Pharmaceuticals behemoth GlaxoSmithKline hopes to launch its maiden coronavirus treatment and, if all goes well, it will be destined for Australia.
The multibillion-dollar industry giant has received a “provisional determination” from the Therapeutic Goods Administration (TGA) for an antibody treatment called Sotrovimab.
“This allows the sponsor to apply for registration under this pathway. This is not an approval,” a TGA spokesperson told NCA NewsWire.
“If the TGA finds that this therapeutic is safe and effective, the TGA will grant a provisional approval.”
If it is provisionally approved, it would supplement the nation’s stalling vaccine rollout.
The company hopes the drug will be effective in treating patients with mild to moderate coronavirus infections.
Sotrovimab is a monoclonal antibody and not a vaccine, the TGA spokesperson explained.
Antibodies are proteins produced by the immune system and are one of the main ways the body defends itself against diseases. They work by binding to a specific target, like a virus or bacteria.
They then block or slow down the virus or bacteria, or they flag it as a ‘foreign body’ so that other parts of the immune system can fight it off.
Monoclonal antibodies are laboratory-made proteins that mimic the body’s immune system and would work in a similar way.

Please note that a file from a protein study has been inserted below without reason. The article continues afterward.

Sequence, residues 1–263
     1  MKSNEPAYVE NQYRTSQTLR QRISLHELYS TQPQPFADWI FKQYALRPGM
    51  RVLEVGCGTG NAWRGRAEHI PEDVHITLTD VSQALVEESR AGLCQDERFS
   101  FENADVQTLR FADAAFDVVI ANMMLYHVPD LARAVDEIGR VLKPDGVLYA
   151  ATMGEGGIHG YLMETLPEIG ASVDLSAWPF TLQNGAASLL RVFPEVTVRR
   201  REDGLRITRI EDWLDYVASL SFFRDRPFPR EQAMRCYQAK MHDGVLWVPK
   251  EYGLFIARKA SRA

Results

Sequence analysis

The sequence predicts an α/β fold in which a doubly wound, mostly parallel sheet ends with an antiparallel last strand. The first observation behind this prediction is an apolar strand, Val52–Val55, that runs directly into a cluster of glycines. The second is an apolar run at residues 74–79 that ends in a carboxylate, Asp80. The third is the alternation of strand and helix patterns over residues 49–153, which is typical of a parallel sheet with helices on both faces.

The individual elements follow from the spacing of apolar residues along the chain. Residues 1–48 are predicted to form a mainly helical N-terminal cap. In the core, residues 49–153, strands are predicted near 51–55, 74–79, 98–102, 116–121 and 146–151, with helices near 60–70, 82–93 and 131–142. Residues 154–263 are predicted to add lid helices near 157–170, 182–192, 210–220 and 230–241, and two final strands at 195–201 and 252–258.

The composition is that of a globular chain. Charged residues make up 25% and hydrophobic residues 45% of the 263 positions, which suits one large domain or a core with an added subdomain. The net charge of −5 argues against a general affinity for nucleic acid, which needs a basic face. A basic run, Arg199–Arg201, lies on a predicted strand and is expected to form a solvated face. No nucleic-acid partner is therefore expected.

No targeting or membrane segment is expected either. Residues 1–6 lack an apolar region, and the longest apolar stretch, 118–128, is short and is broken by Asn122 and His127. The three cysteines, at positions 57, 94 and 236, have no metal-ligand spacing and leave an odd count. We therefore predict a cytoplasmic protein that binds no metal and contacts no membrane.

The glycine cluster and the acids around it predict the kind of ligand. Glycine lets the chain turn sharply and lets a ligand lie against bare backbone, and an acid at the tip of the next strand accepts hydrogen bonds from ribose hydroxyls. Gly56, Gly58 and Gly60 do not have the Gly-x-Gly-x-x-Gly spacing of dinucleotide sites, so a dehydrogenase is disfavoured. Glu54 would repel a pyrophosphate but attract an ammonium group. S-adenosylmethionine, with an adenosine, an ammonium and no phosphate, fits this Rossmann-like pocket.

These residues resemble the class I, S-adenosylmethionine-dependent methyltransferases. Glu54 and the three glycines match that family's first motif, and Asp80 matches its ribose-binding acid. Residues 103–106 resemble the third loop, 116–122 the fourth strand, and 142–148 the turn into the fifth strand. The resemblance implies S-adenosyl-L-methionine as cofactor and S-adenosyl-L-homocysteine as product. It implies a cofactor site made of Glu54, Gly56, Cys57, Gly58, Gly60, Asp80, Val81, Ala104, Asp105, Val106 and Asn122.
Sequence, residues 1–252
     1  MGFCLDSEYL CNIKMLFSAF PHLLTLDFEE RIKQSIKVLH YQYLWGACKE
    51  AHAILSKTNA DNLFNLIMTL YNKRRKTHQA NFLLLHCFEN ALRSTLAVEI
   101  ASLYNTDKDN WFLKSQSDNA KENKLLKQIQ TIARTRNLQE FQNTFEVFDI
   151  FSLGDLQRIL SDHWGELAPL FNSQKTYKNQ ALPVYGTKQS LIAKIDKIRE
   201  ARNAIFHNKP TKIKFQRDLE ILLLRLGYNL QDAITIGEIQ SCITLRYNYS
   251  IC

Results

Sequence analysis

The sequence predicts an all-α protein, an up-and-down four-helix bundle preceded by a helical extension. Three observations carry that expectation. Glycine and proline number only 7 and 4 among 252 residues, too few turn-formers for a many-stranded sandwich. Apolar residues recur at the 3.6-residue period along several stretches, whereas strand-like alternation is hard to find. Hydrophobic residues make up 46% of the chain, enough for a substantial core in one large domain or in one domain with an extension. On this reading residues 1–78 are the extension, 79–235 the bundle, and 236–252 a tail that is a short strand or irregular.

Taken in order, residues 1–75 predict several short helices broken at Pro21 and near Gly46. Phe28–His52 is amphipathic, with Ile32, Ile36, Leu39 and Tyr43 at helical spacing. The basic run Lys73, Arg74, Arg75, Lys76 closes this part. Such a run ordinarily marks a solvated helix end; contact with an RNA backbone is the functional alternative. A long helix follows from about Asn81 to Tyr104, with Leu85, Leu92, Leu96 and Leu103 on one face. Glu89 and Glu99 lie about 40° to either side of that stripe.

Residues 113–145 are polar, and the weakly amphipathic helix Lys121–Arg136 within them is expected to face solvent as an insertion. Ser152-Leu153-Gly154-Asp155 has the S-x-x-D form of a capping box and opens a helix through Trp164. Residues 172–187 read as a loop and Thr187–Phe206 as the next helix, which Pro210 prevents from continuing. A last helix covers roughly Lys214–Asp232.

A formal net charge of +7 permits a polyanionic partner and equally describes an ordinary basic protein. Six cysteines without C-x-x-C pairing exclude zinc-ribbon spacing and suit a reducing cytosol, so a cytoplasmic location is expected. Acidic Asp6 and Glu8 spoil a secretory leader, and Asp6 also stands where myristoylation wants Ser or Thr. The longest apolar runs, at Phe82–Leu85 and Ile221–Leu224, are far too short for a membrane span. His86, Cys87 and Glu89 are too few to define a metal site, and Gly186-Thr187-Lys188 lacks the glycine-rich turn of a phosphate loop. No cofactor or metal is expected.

“Monoclonal antibodies can also help to ‘turn down’ an immune response when the body is over reacting, which is what can happen with some COVID-19 patients,” the TGA spokesperson said.
“That is, monoclonal antibodies may help to treat people who already have COVID-19.”
But the TGA urged people not to get ahead of themselves.
A statement from the company said provisional determination was the first step in the lengthy process and did not mean that an application had or would be made, or that the treatment would be provisionally approved.
“The provisional pathway provides a formal and transparent mechanism for speeding up the registration of promising new medicines with preliminary clinical data,” the statement read.
“In making its decision to grant GSK a provisional determination, the TGA considered all eligibility criteria, including factors such as the evidence of a plan to submit comprehensive clinical data and the seriousness of the current COVID-19 pandemic.”
The federal government is currently racing to vaccinate Australians but experts have long warned more options need to be made available, particularly after the risks associated with the AstraZeneca jab came to light.
In October last year, GSK announced plans to shut down its Melbourne manufacturing site in Boronia at the end of 2022 after five decades of operations.
“We are ensuring GSK is set up to deliver the next generation of innovative medications for patients,” GSK Australia pharmaceuticals general manager Christi Kelsey said at the time.
“In Australia, we are expecting to bring much-needed, innovative new medicines and vaccines every year as part of our forward plan.”